… I’ll take Eataly. I may be one of the last Italophiles in the US to visit this temple to the cuisine of Italy, but it was certainly worth the wait. You mention that you’ve been to NYC and friends ask “did you go to the Guggenheim or the Frick or the Met” and I all I want to say is “who has time for museums when there’s Eataly “.
It was everything I had hoped for-one big Italian food fest with culinary delights at every turn. We first did a walk through to get a lay of the land and then headed back to the coffee bar for a cappuccino to fortify ourselves for the day.
Yes. It was perfect, as if we were in Italy.
Off we went to explore the endless shelves stocked with every imaginable food product. It was sort of mind boggling. Pasta, rice, grains, olive oils, vinegars, olives, spreads, chocolates, coffee, jams, tomatoes, sauces and more. I was happy to find a caper spread from Pantelleria (island off of Sicily known for its gorgeous capers) that I’ve been searching for since I first tasted it about 7 years ago.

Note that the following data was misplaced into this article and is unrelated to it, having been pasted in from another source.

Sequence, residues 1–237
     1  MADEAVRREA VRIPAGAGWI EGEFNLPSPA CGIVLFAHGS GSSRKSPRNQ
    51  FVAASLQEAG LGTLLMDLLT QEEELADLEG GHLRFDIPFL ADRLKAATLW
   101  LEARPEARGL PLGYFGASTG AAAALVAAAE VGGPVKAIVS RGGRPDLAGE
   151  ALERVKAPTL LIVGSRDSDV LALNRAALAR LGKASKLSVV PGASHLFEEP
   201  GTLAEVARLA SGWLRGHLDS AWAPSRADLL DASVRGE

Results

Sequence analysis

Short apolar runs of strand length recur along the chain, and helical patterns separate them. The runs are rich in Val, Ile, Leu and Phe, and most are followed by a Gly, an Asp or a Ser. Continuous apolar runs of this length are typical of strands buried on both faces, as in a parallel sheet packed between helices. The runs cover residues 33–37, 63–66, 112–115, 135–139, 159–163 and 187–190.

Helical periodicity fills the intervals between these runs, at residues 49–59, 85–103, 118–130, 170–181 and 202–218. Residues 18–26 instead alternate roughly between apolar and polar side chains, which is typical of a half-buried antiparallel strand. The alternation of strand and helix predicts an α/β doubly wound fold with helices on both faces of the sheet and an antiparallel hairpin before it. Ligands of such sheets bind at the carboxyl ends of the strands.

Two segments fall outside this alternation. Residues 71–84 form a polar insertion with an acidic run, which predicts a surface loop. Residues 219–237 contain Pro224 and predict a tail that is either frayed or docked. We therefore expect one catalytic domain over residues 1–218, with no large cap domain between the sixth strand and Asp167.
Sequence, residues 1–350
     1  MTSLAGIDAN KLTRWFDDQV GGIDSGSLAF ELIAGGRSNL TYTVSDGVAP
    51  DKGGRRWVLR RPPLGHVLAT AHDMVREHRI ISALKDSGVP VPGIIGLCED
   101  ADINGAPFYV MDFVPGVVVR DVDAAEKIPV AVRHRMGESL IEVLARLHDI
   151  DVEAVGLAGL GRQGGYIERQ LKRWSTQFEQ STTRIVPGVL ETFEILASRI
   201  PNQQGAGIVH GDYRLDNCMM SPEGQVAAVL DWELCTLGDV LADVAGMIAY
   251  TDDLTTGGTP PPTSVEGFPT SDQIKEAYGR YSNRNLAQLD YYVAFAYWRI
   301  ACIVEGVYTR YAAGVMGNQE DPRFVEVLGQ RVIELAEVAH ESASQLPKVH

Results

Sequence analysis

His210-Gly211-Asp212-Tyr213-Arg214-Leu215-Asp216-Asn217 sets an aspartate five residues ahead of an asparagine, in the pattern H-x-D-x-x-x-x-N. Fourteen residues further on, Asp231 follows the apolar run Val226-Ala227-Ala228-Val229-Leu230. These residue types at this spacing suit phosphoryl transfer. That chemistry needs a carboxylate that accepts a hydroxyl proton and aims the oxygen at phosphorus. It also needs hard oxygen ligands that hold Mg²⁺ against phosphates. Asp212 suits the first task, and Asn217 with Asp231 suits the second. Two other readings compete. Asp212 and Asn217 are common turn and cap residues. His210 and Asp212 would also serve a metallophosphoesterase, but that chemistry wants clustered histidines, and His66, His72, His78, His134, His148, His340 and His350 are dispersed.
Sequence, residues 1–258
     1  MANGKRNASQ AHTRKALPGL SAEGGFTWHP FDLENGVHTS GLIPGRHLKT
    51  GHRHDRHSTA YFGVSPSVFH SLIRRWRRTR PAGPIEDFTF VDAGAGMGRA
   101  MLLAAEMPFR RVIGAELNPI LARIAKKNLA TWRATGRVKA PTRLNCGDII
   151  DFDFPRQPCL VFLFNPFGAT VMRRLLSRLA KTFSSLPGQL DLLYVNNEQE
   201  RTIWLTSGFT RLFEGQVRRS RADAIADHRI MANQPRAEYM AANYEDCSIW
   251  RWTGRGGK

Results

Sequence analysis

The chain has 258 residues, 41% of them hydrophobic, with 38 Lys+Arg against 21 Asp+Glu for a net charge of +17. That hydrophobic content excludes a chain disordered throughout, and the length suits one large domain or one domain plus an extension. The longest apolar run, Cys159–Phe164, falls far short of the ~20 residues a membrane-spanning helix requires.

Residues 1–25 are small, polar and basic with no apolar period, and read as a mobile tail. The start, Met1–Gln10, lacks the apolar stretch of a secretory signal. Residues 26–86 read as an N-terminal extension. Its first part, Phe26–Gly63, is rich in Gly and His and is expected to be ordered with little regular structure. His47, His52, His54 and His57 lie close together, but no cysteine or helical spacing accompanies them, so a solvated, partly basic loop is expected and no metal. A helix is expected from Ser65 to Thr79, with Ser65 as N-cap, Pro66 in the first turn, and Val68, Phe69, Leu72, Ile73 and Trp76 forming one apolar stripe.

In addition to the amazing number of grocery products there was cheese, salumi, freshly baked bread and pasta.
The agnolotti al plin that I bought transported me right back to a memorable afternoon in Serralunga (in Piemonte). Little puffs of pasta filled with meat and vegetables that just melt in your mouth.
And of course there were pastries. Although they were beautiful, I was sort of disappointed as I had been expecting pasticcini, the bite size confections found in the pasticceria (pastry shops) all over Italy. These were much larger and most were priced at $5.
There are a variety of restaurants where you can sit and order a meal, but we opted for a selection of panini that we devoured standing up at one of the bar-like tables located around the building. They were all delectable and after a cup of gelato we left quite happy, laden with our purchases.
200 5th Avenue
New York, NY 10010